Severity: Critical Alert
Transportation: Officials in North Carolina, US, to lift stay-at-home order, allow additional businesses to reopen, May 22.
The locations affected by this alert are:
- Raleigh, North Carolina
- Charlotte, North Carolina
- Asheville, North Carolina
- Greensboro, North Carolina
- Fayetteville, North Carolina
- Jacksonville, North Carolina
- Wilmington, North Carolina
- Morehead City, North Carolina
- Cape Hatteras, North Carolina
- Nags Head, North Carolina
- Winston-Salem, North Carolina
- New Bern, North Carolina
- Greenville, North Carolina
- Hickory, North Carolina
- Rocky Mount, North Carolina
- Durham, North Carolina
This alert began 21 May 2020 21:09 GMT and is scheduled to expire 26 Jun 2020 23:59 GMT.
- Event: COVID-19 Restrictions
- Location(s): North Carolina (map)
- Time Frame: Through at least June 26
- Impact: Movement restrictions, significant transport and business disruptions
North Carolina Governor Roy Cooper issued an executive order that replaces a stay at home requirement with a recommendation to limit time outside the home, starting May 22. The order also lifts restrictions on multiple businesses, as part of phase 2 of the state's economic recovery plan in response to the coronavirus disease (COVID-19). Gatherings of up to 10 people will be allowed indoors, and of up to 25 people outdoors.
Among the businesses and activities allowed to resume operations May 22 are the following:
- Dine-in services at restaurants, limiting capacity at 50 percent.
- Personal care businesses, including hair salons and barber shops, limiting capacity at 50 percent, with employees using face coverings.
- Pools, limiting capacity at 50 percent.
- Event and sports venues, and conference centers, limited to 10 people indoors and 25 people outdoors.
- Childcare centers and camps
Retail businesses may continue operating while allowing only 50 percent of their maximum capacity. In-person lessons in schools remain canceled through the end of the academic year. Businesses, such as bars, nightclubs, gyms, movie theaters, and bowling alleys, will remain closed.
All businesses must promote employees to work from home whenever possible, ensure proper distance between workers and between customers, enhance and promote sanitation, recommend face coverings, and encourage workers with symptoms to stay home. Local authorities may impose additional restrictions within their jurisdictions if they believe it is necessary for public health.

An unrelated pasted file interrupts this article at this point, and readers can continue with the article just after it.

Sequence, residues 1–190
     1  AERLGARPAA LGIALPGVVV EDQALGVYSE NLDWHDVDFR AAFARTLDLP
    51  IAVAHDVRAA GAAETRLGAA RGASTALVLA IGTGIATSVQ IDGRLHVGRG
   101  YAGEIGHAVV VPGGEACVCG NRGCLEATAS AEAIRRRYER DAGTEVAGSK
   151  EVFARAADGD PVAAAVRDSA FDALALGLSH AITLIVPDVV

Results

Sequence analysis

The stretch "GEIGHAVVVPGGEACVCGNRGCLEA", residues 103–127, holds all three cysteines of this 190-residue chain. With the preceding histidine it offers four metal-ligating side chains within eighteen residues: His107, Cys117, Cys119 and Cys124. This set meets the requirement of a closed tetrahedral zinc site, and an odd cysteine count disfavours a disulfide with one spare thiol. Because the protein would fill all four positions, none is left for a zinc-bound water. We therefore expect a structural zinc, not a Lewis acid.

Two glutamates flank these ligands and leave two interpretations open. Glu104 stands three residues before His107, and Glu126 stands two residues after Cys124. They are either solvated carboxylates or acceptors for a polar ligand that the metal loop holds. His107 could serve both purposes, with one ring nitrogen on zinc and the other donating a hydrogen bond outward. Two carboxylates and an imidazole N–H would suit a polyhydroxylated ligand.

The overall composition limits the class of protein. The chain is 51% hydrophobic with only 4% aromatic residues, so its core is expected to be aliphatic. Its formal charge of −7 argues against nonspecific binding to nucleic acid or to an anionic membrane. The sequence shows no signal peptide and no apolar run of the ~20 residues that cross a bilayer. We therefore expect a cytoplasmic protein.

Phase 2 is scheduled to last until June 26, when additional restrictions may be eased, but officials will evaluate the situation and make an announcement prior to that date.
Transport and business disruptions are likely to continue. Authorities will almost certainly deploy additional security personnel to assist in enforcing the measure. Officials could amend the orders on short notice, depending on the disease activity in the coming weeks.
Background and Analysis
The relaxation of some measures is likely to accelerate in the coming weeks; however, officials may reimpose or extend restrictions further should the number of COVID-19 cases increase. COVID-19 is a viral respiratory disease caused by infection with the SARS-CoV-2 virus (previously known as 2019-nCoV). Symptoms occur 1-14 days following exposure (average of 3-7 days). These symptoms include fever, fatigue, cough, difficulty breathing, sometimes worsening to pneumonia and kidney failure - especially in those with underlying medical conditions. On March 11, the World Health Organization (WHO) declared the ongoing COVID-19 outbreak a pandemic.
Strictly heed the instructions of authorities. Avoid all nonessential operations in the areas impacted by the measures. Confirm appointments. Remain courteous and cooperative if approached and questioned by law enforcement officers.
Emphasize basic health precautions, especially frequent handwashing with soap and water, or an alcohol-based hand sanitizer if soap and water are unavailable. Practice good coughing/sneezing etiquette (i.e., covering coughs and sneezes with a disposable tissue, maintaining distance from others, and washing hands). There is no evidence that the influenza vaccine, antibiotics, or antiviral medications will prevent this disease, highlighting the importance of diligent basic health precautions.